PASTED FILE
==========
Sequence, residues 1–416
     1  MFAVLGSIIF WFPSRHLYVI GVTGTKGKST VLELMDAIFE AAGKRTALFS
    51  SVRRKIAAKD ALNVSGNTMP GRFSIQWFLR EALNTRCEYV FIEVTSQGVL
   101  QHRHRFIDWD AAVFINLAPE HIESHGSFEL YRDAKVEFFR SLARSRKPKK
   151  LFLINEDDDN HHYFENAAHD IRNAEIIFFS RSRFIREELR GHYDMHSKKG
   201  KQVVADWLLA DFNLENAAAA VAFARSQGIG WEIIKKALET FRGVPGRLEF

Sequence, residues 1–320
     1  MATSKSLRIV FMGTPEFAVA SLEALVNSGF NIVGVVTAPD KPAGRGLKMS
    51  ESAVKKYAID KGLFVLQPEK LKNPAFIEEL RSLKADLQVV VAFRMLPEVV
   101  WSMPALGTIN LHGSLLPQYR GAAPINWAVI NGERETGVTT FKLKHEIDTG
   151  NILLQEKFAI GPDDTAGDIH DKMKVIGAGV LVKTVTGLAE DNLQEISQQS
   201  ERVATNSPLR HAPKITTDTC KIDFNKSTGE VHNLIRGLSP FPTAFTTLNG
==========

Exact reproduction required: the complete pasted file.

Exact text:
Sequence, residues 1–416
     1  MFAVLGSIIF WFPSRHLYVI GVTGTKGKST VLELMDAIFE AAGKRTALFS
    51  SVRRKIAAKD ALNVSGNTMP GRFSIQWFLR EALNTRCEYV FIEVTSQGVL
   101  QHRHRFIDWD AAVFINLAPE HIESHGSFEL YRDAKVEFFR SLARSRKPKK
   151  LFLINEDDDN HHYFENAAHD IRNAEIIFFS RSRFIREELR GHYDMHSKKG
   201  KQVVADWLLA DFNLENAAAA VAFARSQGIG WEIIKKALET FRGVPGRLEF

Sequence, residues 1–320
     1  MATSKSLRIV FMGTPEFAVA SLEALVNSGF NIVGVVTAPD KPAGRGLKMS
    51  ESAVKKYAID KGLFVLQPEK LKNPAFIEEL RSLKADLQVV VAFRMLPEVV
   101  WSMPALGTIN LHGSLLPQYR GAAPINWAVI NGERETGVTT FKLKHEIDTG
   151  NILLQEKFAI GPDDTAGDIH DKMKVIGAGV LVKTVTGLAE DNLQEISQQS
   201  ERVATNSPLR HAPKITTDTC KIDFNKSTGE VHNLIRGLSP FPTAFTTLNG